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Adaptive Cruise Control Flushing NY

Traditional cruise control"first offered in the United States on 1958 Chrysler models"certainly comes in handy on long drives. But cruise control has one drawback: it relies on the driver to judge the "closing" distance between their vehicle and the one in front.

AutoZone
(718) 961-6102
155-05 Northern Blvd
Flushing, NY
 
AutoZone
(718) 565-7107
9501 Northern Blvd
Flushing, NY
 
AutoZone
(718) 523-0320
109-02 Merrick Blvd
Jamaica, NY
 
AutoZone
(718) 529-8880
135-15 Rockaway Blvd
S Ozone Park, NY
 
Maaco Auto Body Shop and Collision Center
(718) 776-2000
212-50 Jamaica Ave.
Queens Village, NY
Hours
Mon-Fri :8AM - 6PM
Sat:8AM - 2PM
Sun:Closed

AutoZone
(718) 380-8648
160-20 Union Turnpike
Fresh Meadows, NY
 
AutoZone
(718) 846-8546
112-20 Atlantic Ave
Jamaica, NY
 
AutoZone
(718) 742-0255
541 East 149 St
Bronx, NY
 
Maaco Auto Body Shop and Collision Center
(718) 786-0966
31-02 Northern Blvd.
Long Island City, NY
Hours
Mon-Fri :8AM - 5:30PM
Sat:9AM - 12PM
Sun:Closed

AutoZone
(718) 388-2064
535 Morgan Ave
Brooklyn, NY
 

Adaptive Cruise Control

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Traditional cruise control"first offered in the United States on 1958 Chrysler models"certainly comes in handy on long drives. But cruise control has one drawback: it relies on the driver to judge the "closing" distance between their vehicle and the one in front. As automotive technology continues to evolve, traditional cruise control is gradually being replaced by adaptive cruise control (ACC).

What is adaptive cruise control?

Adaptive cruise control"a more technologically advanced version of the traditional cruise control system"allows drivers to maintain a pre-set speed while the system automatically monitors the traffic patterns and adjusts the "closing" distance by using the throttle and the brakes to maintain a pre-set distance behind the vehicle ahead. Unlike traditional cruise control systems that are only linked to the throttle for limited acceleration capabilities, adaptive cruise control "reads" traffic conditions and modulates the throttle and the brakes to keep the vehicle a safe distance from the vehicle in front of it. The earliest versions of adaptive cruise control were designed exclusively for driving at higher speeds and did not work at speeds below 20 miles per hour or in stop-and-go situations.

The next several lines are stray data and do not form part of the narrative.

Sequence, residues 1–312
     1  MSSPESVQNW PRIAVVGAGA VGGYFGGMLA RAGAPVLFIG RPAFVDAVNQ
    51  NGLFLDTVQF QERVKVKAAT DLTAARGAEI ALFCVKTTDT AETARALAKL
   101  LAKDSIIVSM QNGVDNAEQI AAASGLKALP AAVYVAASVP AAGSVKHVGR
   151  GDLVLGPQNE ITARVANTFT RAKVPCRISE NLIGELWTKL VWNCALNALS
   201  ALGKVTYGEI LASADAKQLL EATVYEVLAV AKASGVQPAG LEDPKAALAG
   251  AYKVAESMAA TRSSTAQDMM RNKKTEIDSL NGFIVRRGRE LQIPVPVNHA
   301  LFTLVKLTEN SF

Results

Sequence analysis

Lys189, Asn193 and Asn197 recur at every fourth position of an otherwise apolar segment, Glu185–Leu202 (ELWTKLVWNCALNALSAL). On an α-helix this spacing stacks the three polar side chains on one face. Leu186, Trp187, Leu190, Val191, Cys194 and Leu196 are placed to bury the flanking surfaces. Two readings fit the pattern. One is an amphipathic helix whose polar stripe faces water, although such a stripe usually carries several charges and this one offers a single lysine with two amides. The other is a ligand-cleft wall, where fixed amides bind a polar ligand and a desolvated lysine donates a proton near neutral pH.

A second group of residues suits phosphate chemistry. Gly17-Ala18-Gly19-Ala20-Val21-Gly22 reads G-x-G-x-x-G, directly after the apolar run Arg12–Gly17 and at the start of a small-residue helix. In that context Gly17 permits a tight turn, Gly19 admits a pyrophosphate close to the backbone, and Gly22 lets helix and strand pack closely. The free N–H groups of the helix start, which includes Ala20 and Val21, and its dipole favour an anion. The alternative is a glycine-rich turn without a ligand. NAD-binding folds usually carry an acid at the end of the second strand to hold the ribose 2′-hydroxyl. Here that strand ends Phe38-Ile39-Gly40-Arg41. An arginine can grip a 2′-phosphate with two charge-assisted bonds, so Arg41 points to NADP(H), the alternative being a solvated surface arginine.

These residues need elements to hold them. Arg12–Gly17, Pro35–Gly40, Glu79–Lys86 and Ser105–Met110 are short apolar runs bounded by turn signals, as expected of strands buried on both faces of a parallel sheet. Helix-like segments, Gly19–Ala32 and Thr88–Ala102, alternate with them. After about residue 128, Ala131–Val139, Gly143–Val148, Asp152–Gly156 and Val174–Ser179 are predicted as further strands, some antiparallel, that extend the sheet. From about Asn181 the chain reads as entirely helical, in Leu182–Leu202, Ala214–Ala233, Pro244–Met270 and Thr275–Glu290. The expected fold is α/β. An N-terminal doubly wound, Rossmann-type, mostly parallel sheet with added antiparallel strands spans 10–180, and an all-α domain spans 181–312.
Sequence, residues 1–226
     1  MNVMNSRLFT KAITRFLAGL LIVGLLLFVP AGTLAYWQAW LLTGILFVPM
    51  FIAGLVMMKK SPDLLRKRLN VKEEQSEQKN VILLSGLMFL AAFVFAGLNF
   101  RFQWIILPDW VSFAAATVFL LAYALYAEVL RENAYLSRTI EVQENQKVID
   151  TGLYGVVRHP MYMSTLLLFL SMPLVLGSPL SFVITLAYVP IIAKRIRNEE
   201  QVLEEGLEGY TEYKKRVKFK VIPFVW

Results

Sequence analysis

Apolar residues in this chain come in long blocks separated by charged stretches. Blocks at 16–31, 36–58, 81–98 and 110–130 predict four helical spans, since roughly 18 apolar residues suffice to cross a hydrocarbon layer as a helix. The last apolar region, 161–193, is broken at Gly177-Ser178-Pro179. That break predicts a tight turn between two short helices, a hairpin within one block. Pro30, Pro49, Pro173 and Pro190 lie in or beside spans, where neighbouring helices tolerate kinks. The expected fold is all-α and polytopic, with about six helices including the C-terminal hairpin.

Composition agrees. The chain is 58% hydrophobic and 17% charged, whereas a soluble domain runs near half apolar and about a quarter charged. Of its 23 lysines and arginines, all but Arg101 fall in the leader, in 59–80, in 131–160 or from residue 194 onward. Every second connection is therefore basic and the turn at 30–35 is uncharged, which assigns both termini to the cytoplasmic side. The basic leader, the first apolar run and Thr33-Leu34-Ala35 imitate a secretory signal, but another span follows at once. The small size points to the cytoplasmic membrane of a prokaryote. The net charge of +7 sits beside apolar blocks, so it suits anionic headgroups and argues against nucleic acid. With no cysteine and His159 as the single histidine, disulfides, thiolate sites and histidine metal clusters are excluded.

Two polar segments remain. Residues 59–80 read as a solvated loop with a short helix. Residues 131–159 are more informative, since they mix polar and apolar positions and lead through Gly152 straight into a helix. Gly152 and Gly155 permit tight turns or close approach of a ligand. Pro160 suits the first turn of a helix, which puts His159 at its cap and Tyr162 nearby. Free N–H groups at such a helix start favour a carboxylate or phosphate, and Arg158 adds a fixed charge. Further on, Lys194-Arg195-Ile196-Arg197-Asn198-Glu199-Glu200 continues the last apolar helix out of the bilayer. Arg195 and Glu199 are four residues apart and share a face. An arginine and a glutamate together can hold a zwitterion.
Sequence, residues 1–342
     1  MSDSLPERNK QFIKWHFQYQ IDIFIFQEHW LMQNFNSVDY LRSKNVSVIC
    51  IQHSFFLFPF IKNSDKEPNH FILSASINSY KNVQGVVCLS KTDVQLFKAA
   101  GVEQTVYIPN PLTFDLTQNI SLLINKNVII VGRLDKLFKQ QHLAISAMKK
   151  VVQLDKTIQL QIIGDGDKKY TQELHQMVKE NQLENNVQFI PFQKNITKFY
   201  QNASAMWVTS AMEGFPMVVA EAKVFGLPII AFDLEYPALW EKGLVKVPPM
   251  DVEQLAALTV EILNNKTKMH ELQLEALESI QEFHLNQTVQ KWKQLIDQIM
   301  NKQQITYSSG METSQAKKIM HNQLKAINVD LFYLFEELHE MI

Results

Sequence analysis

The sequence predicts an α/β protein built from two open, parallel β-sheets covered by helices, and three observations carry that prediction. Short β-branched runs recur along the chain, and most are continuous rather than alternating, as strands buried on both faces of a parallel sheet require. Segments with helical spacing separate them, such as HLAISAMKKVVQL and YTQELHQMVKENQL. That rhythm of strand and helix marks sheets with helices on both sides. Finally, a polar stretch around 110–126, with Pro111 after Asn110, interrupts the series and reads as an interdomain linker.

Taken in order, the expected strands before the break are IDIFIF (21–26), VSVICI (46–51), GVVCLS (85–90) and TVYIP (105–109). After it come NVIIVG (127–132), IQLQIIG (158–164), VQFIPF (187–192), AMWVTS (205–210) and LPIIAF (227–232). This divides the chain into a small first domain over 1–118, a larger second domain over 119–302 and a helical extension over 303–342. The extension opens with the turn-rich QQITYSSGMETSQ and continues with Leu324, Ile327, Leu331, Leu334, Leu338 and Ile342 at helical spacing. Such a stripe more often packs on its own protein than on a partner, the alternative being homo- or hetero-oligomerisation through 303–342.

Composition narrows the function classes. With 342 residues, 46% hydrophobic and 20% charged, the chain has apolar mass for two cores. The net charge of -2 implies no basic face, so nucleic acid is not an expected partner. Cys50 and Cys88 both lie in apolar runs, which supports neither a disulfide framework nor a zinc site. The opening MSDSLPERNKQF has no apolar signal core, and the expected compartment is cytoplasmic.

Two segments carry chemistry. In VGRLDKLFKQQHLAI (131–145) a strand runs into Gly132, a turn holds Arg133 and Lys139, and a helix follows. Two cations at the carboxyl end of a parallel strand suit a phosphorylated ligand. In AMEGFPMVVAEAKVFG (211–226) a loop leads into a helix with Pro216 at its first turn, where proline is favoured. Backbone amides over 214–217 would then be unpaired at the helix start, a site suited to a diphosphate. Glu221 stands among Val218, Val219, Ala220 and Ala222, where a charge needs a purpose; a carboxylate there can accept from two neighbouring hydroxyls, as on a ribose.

How does ACC work?
When the driver activates the ACC system, a microwave radar unit, a light-based unit (called lidar, which is located on the front of the vehicle), or cameras mounted on the front of the vehicle begin to scan for other vehicles or objects within a distance of nearly 500 feet in front of the vehicle. When the system senses a vehicle or object, it calculates the distance and relative speed and the onboard computer then automatically sends a message to apply the brakes to maintain a pre-programmed distance behind it. When the traffic has cleared or the object has moved, the system will accelerate the vehicle back to the previously set speed. Like traditional cruise control, an adaptive cruise control system is cancelled when the driver applies the brakes....

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